Pekka takes its inspiration from traditional Japanese clothing. It is an oversized mid-season jacket with wide armholes and a simplified jacket lining. With slightly cropped sleeves and gaping pockets, this stylish jacket is perfect for layering and an ideal sew for motivated beginners.

The Pekka Jacket is available in two size ranges. Range 2, for curvy sewists, starts with a 42.3″ (107.5 cm) bust and goes up to a... [read more]

My first post of 2021 is actually about a project I made last year but never got around to posting. I was tempted to just forget about blogging about it (despite having taken and edited the photos) as I can't remember making it all that well. But as I mentioned in a recent post I've actually found reflecting on a garment after a few wears quite interesting and constructive.

Diary of a Chain Stitcher: Viscose Print Tessuti Hilary Top and Megan Nielsen Dawn Jeans

I was delighted with this top when I finished it but it has had very little wear. I think I was pleased that the design felt interesting with some unique details and it seemed like a very wearable take on the romantic big sleeve trend. However, once the enjoyment of making it had worn off I didn't find myself drawn to wearing it and didn't feel particularly myself or comfortable in it when I did. Sometimes this is down to colour choice (I often find myself drawn to fabrics in a colour... [read more]

The turning of vintage quilts into wearable coats is a growing trend in the maker community. I love the idea have a few candidates under consideration. Until I can make a final decision I decided to add some quilt blocks to a new dress.

A friend gave me the Erin Dress pattern by Style Sew Me a few months ago. I loved the oversized t-shirt style, the pockets and adorable side ties. I have seen a few versions of this dress in fun prints and bold colors. I decided to put my creative spin on it with a mash up of quilt blocks and cotton jersey hand-sewing. 

I chose organic cotton jersey from Nature's Fabric in Brick, White and Beige. This knit fabric has a nice weight, but on its' own would not hold up to the rigors of the manipulation required for piecing. It needed to be stabilized so it would hold its shape and not get wavy.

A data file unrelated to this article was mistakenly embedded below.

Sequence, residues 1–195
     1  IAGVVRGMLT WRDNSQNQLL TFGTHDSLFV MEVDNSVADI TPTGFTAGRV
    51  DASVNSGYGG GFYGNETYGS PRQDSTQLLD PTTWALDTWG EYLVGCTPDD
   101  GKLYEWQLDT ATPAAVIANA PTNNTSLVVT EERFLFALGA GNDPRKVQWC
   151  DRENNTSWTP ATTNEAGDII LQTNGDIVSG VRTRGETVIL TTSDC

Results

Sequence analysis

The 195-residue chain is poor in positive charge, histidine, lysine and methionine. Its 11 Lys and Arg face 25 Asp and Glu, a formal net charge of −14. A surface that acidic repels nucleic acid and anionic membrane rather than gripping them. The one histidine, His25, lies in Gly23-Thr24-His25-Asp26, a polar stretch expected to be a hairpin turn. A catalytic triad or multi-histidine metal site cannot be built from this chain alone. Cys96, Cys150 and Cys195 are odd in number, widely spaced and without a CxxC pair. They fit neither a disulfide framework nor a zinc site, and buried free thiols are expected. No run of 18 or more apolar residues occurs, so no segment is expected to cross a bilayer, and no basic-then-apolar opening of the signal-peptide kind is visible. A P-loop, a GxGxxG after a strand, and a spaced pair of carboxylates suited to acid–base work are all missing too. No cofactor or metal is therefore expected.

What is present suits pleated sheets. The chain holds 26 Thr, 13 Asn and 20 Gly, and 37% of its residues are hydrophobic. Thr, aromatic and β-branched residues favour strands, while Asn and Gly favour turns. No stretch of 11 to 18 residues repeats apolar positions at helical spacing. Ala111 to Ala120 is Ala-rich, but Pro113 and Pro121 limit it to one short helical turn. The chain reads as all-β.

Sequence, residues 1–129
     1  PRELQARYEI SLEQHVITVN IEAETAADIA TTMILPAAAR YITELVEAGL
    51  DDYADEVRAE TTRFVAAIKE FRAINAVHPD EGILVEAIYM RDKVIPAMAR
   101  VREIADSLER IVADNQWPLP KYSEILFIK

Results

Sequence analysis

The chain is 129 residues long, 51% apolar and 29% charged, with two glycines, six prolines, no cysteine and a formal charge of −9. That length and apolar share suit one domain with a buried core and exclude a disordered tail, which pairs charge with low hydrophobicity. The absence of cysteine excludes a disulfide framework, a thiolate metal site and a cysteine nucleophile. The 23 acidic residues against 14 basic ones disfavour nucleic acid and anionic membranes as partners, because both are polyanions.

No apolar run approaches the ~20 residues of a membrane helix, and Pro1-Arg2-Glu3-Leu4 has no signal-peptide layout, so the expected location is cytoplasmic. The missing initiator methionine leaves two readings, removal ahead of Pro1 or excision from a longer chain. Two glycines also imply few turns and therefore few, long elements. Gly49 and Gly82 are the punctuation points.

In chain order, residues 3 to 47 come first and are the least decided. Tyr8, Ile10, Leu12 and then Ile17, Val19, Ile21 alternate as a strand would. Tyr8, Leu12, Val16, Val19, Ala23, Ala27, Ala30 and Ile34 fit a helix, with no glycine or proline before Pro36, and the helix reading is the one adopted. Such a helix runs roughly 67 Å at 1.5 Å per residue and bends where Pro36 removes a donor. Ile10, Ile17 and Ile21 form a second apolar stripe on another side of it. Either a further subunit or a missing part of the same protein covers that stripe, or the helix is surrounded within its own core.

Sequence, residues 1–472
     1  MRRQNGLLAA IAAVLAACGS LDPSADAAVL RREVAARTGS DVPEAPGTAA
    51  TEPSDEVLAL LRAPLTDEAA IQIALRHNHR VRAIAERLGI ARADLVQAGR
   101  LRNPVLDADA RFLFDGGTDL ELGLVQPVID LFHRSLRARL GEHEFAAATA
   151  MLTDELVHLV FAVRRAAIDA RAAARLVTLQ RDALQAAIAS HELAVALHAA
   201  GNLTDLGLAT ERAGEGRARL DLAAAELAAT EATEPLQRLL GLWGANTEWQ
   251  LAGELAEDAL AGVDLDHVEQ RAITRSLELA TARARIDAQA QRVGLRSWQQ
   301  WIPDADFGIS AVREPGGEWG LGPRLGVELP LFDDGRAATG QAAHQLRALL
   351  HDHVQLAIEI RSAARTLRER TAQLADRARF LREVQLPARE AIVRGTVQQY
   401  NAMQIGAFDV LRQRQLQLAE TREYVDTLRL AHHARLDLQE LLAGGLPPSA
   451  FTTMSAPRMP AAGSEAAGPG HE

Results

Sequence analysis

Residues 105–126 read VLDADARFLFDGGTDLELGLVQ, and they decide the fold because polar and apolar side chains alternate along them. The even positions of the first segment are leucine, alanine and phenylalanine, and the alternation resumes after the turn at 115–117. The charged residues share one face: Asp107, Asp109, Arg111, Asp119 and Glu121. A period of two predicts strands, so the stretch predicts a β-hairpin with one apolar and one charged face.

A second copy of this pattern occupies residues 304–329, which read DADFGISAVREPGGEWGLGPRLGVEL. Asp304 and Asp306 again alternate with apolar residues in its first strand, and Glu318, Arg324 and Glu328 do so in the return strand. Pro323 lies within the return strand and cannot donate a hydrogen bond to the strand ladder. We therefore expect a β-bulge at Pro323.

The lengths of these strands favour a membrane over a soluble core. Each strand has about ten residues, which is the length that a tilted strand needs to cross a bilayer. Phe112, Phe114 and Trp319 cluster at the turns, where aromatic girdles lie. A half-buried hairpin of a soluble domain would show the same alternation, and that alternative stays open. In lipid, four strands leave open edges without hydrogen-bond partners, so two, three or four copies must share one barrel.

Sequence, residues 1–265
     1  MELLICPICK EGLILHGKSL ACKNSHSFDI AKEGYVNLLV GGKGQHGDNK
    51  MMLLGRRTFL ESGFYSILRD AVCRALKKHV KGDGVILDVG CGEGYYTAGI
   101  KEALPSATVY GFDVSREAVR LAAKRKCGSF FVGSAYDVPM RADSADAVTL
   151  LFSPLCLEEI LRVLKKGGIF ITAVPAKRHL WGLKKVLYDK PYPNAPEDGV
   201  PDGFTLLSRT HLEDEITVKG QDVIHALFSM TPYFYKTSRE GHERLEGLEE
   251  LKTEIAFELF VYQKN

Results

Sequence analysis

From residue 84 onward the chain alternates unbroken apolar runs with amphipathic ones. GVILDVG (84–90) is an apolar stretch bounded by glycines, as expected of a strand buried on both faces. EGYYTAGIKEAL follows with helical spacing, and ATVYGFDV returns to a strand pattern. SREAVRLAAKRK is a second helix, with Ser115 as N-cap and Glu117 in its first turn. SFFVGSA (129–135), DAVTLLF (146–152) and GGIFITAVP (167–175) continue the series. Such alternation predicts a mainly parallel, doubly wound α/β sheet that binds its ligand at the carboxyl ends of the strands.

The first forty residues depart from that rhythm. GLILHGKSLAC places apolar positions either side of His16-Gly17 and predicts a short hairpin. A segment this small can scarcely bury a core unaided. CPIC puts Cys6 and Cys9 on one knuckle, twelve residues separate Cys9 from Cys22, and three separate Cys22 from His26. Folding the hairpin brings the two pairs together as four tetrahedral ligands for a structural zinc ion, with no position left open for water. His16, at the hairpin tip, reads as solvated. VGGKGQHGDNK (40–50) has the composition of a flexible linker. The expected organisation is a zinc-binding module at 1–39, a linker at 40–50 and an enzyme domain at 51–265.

I will walk you through the... [read more]

Twinning with Freya is always awesome. 

I've been needing a new apron for some time, and given Freya's recent addiction to "baking", I saw an opportunity to be matchy matchy on a regular basis. 

hey june handmade allspice apron matching cross-back japanese
I was so happy to get my hands on this beautiful Art Gallery Fabrics chambray, which was just what I had in mind for this project! I used the brand spanking new FREE AllSpice apron pattern by Hey June Handmade for my version, and you can read all about how I've crafted Freya's, and how I added those oh-so-important grow-with-me options, on the Minerva website here!

Hello fellow Sewcialists! Welcome to the mini series In-Seam Insights. The goal of this series is to ask people in different countries about their experience with the pandemic in 2020 and what this means for them going into 2021. I think it’s important to highlight community members in different regions of the world because even though we all might feel this has been a universal experience, we have each handled this year in different ways. Each country also has its own method of trying to control the virus (or not) and that also shapes our experience. I hope that this series gives us all a little more insight on what’s going on outside of our respective regions and also connects us more to each other.

Emily wearing the Mira Dress by Fibre Mood in a floral viscose. The fabric is blue and has yellow/red flowers on it.